Spiritual Symbol Protects Lincoln Center Theater’s Macbeth From Legendary Curse

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01 Jan 2014

Ethan Hawke
Ethan Hawke
T. Charles Erickson

While working on Lincoln Center Theater's Macbeth, set designer Scott Pask uncovered the secret in a 400-year-old mandala that may ward off the legendary curse which haunts Shakespeare's tragedy. 

One of the most enduring stage superstitions is the belief that Shakespeare’s Macbeth is somehow cursed, and that even to speak the title aloud inside a theatre is to invite catastrophe.

However, the cast of the current Broadway revival of what is known as "the Scottish play" believes they may have found the antidote.

The centerpiece of the show’s artwork is a mandala, created by set designer Scott Pask, consisting of two circles, a pentagram and three heptagons, labeled with the name of God and his angels, according to a program note.

The production, which opened November 21, 2013, has been uncharacteristically trouble-free, according to veteran production stage manager Tripp Phillips.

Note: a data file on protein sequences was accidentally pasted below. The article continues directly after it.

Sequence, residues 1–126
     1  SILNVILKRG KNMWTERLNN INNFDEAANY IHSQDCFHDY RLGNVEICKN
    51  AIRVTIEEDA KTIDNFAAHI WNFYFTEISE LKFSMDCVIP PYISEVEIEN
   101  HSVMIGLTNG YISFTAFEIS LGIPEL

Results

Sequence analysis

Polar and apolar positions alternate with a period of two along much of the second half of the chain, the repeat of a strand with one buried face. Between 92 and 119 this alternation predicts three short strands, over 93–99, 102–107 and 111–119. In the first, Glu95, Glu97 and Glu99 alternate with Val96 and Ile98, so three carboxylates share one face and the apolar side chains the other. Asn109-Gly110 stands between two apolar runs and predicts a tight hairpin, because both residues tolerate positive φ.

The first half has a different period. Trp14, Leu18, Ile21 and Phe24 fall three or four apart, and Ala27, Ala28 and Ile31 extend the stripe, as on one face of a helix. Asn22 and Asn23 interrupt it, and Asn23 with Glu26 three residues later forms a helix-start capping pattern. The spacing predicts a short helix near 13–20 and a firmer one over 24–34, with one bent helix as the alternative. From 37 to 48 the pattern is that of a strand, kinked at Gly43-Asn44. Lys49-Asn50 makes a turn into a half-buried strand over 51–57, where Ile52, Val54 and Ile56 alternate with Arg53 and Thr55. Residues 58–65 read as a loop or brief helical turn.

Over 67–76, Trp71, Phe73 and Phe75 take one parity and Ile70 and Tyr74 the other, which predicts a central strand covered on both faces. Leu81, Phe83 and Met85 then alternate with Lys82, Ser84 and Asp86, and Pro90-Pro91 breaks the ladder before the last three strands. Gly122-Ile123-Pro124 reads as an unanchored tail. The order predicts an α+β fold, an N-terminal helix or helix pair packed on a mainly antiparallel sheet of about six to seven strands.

Pask’s design is based on "The Seal of God’s Truth," created in 1582 by Dr. John Dee, a mathematician, astronomer and scholar who was a member of the court of Queen Elizabeth I, and who claimed to have been instructed in its design through direct communication with angels. A contemporary of Shakespeare, Dee is believed to have been one of the inspirations for the wizard Prospero in The Tempest.

The mandala, which appears on the show's posters and Playbill cover, is also painted onto the Vivian Beaumont Theatre’s circular stage. The entire show is played on the mandala.

Cast members Stephanie Fieger and Shirine Babb, who are also serving as correspondents for the forthcoming 2014 "Playbill Broadway Yearbook," alerted Playbill to the fact that the mandala seems to be warding off most of the usual backstage glitches and gremlins that seem to bedevil many productions.



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